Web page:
22 AA
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About the author

Hi! My name is Andrew and I am passionate about bouldering, running, and teeth. I study at UCSF. Feel free to ask me any questions!

Andrew Chen
Andrew Chen
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I would have made my schedule more realistic towards my capabilities instead of constantly comparing myself to others. I would have made my “Sunday ritual” more of a priority in order to take away any additional stress I could for the upcoming week days. Rest days are definitely an important feature in any study schedule, so make sure to add them in where you see fit.

Anastasia Azizian
Anastasia Azizian
22 AA

Meet Anastasia, a happy DAT Bootcamp customer who recently conquered the DAT. I’ve asked Anastasia to share her DAT experience with us as the featured student of December.

As a student working full-time, what were some challenges you faced preparing for the DAT, and how did you overcome them?

Working full-time while studying for the DAT was a lot more challenging than I expected it to be. It definitely takes a toll on you mentally, physically, and emotionally. During the week days and depending on your specific work schedule, you are very limited on the time you can devote to studying. This is due to the fact that you are mentally and physically drained from work, and you can only push your body and brain to do so much within one day’s time. With that being said, you get the bulk of your studying done on the weekends. This requires you to have the self-discipline to tell your friends and family that you cannot spend time with them on the weekends, as this is your most efficient time to study. That in itself can be very emotionally draining, but you have to remember how important this test is for the future of your career.

What advice would you have to other students working full-time while studying for the DAT?

I would definitely advise students to not work full-time while preparing for the DAT unless it is absolutely necessary to do so. Even working part-time would be a better option if possible. If the student must work full-time, here are my suggestions to make sure you maintain a healthy lifestyle while on this journey. I believe it is most important to understand your capabilities and develop your study schedule around that. I knew that I could not follow Ari’s 10 week schedule due to my work obligations, so I had to create my own. I would suggest having a “test-run” week, where you begin to study for the DAT for a week and note about how many hours/tasks you are able to complete during the weekdays vs the weekend. From there, you can create your study schedule to estimate how long it will take you to complete the areas you want to focus on before your exam. Being disciplined enough to follow your own schedule and not comparing your schedule to others will help you stay focused at the task ahead and not stressed about what others have already accomplished. It is also important to remember that you are putting a lot on your plate, so it may take you a longer period of time to study than others. Another tip I found to be helpful was to make sure you devote at least half of your Sunday (if you work during the week) to “preparing for the week.” This means cook a big meal to meal prep with, clean your clothes, and make sure you have everything together for the week ahead. This allows you to stay on track with your study schedule, so you do not have to use weeknights to cook, etc.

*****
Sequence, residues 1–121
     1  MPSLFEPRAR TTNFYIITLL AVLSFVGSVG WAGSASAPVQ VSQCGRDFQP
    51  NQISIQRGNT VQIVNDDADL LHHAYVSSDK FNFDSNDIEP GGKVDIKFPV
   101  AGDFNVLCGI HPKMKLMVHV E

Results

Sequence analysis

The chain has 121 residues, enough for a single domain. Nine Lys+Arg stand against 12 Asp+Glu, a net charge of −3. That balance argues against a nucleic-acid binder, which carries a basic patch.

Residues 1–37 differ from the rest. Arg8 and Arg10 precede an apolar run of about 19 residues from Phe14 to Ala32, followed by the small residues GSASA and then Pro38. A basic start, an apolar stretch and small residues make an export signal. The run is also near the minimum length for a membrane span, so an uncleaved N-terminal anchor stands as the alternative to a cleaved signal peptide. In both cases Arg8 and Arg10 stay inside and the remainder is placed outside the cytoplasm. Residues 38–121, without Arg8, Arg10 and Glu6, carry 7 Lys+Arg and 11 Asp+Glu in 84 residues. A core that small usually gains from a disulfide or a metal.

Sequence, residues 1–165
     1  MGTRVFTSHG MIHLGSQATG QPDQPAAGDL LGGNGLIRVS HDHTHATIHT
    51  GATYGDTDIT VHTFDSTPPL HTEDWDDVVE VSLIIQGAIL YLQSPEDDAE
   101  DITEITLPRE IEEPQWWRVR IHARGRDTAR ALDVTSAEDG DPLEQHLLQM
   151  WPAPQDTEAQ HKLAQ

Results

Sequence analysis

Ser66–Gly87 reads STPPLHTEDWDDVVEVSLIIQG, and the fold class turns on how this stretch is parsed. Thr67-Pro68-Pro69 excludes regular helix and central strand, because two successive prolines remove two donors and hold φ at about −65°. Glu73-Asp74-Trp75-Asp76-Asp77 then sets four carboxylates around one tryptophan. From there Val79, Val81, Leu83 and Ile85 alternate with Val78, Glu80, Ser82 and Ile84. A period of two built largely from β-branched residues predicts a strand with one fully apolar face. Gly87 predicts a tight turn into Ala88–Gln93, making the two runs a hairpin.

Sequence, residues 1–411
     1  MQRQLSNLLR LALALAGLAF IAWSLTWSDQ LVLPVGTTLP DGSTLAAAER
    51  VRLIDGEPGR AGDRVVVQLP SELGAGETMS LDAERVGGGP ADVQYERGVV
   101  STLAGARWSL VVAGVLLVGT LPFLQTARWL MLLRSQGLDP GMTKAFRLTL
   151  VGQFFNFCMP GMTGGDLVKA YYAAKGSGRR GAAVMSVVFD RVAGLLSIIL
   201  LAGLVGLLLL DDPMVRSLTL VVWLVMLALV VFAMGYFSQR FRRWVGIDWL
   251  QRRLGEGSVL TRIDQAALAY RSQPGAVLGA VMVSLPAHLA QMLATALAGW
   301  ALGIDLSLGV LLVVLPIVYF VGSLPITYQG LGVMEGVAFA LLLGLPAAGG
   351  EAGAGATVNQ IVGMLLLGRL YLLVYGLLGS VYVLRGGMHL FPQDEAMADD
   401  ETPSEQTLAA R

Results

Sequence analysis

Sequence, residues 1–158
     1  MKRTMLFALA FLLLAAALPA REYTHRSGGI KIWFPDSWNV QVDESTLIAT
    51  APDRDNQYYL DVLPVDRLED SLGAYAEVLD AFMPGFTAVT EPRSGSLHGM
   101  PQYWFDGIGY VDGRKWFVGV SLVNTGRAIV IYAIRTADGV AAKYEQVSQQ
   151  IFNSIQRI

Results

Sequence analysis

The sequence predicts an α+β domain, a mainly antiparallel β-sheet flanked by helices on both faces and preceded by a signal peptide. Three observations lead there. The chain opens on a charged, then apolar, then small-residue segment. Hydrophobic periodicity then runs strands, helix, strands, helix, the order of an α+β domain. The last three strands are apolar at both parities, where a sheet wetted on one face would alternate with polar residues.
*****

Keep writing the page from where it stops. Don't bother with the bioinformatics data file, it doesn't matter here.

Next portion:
What is something you would have changed to help your study schedule go more smoothly?

I would have made my schedule more realistic towards my capabilities instead of constantly comparing myself to others. I would have made my “Sunday ritual” more of a priority in order to take away any additional stress I could for the upcoming week days. Also, I would have better managed my time in order to work in “free time/time off” from studying in order to give my brain a rest. Rest days are definitely an important feature in any study schedule, so make sure to add them in where you see fit.

I graduated from the University of Alabama in May 2017 with a Bachelor of Science degree, majoring in Biology and minoring in General Business. My GPA and DAT scores were not competitive enough to get into dental school, so I immediately decided on gap year plans to improve my overall application. I then received my Master of Science in Biomedical and Health Sciences degree from the University of Alabama-Birmingham in April of 2018. From here, I knew my focus would be to raise my DAT score, which I was able to accomplish in November of 2018. It is important to remember that applying to dental school is a marathon, not a race. You will reach this goal when it is your time to do so. Be patient with the process, as it is a rewarding one! If you have any questions for me, feel free to reach me at SDN- username: orthoasst-predental.

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